A Raisin in the Sun portrays a few weeks in the life of the Youngers, an African-American family living on the South Side of Chicago in the 1950s. When the play opens, the Youngers are about to receive an insurance check for $10,000. This money comes from the deceased Mr. Younger’s life insurance policy. Each of the adult members of the family has an idea as to what he or she would like to do with this money. The matriarch of the family, Mama, wants to buy a house to fulfill a dream she shared with her husband. Mama’s son, Walter Lee, would rather use the money to invest in a liquor store with his friends. He believes that the investment will solve the family’s financial problems forever. Walter’s wife, Ruth, agrees with Mama, however, and hopes that she and Walter can provide more space and opportunity for their son, Travis. Finally, Beneatha, Walter’s sister and Mama’s daughter, wants to use the money for her medical school tuition. She also wishes that her family members were not so interested in joining the white world. Beneatha instead tries to find her identity by looking back to the past and to Africa.
As the play progresses, the Youngers clash over their competing dreams. Ruth discovers that she is pregnant but fears that if she has the child, she will put more financial pressure on her family members. When Walter says nothing to Ruth’s admission that she is considering abortion, Mama puts a down payment on a house for the whole family. She believes that a bigger, brighter dwelling will help them all. This house is in Clybourne Park, an entirely white neighborhood. When the Youngers’ future neighbors find out that the Youngers are moving in, they send Mr. Lindner, from the Clybourne Park Improvement Association, to offer the Youngers money in return for staying away. The Youngers refuse the deal, even after Walter loses the rest of the money ($6,500) to his friend Willy Harris, who persuades Walter to invest in the liquor store and then runs off with his cash.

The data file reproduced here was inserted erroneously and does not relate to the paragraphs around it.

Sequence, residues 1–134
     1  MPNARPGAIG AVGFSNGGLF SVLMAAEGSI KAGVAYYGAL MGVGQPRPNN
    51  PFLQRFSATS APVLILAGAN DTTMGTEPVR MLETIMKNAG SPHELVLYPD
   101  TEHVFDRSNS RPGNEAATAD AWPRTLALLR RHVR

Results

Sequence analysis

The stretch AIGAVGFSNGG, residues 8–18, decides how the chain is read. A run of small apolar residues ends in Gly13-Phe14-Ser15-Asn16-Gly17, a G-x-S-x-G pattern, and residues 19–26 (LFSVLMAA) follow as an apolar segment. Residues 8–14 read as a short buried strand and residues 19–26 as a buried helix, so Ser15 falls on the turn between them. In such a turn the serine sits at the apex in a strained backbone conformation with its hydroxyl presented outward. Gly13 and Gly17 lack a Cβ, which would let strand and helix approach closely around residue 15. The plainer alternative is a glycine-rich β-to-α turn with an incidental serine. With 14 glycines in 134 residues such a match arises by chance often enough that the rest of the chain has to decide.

In the meantime, Beneatha rejects her suitor, George Murchison, whom she believes to be shallow and blind to the problems of race. Subsequently, she receives a marriage proposal from her Nigerian boyfriend, Joseph Asagai, who wants Beneatha to get a medical degree and move to Africa with him (Beneatha does not make her choice before the end of the play). The Youngers eventually move out of the apartment, fulfilling the family’s long-held dream. Their future seems uncertain and slightly dangerous, but they are optimistic and determined to live a better life. They believe that they can succeed if they stick together as a family and resolve to defer their dreams no longer.
I believe that this "Asagai’s wish that Beneatha be quieter and less ambitious obviously outrages her..." is wrong and it is actually, George's wish...
"The other family members strongly disagree with Walter’s decision to accept Mr. Lindner’s buyout, but Walter, standing firm, decides that he will take control of the situation" is wrong. He doesn't wish to accept the offer, as you say in your Analysis of Major Characters: "Walter finally becomes a man when he stands up to Mr. Lindner and refuses the money that Mr. Lindner offers the family not to move in to its dream house in a white neighborhood." Please amend this.
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